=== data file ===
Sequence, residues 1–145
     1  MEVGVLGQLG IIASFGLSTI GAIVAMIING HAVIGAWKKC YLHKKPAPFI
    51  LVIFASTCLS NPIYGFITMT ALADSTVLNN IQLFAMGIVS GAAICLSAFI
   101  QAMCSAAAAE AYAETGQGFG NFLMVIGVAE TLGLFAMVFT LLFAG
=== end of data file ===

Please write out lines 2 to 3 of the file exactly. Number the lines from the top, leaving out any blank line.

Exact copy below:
     1  MEVGVLGQLG IIASFGLSTI GAIVAMIING HAVIGAWKKC YLHKKPAPFI
    51  LVIFASTCLS NPIYGFITMT ALADSTVLNN IQLFAMGIVS GAAICLSAFI